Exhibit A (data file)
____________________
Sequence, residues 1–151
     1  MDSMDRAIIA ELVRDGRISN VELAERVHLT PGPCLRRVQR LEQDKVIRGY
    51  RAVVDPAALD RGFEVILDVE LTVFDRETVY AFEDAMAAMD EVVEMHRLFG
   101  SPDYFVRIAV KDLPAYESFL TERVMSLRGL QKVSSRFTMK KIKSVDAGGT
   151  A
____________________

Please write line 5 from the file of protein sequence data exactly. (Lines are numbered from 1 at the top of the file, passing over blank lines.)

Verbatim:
   151  A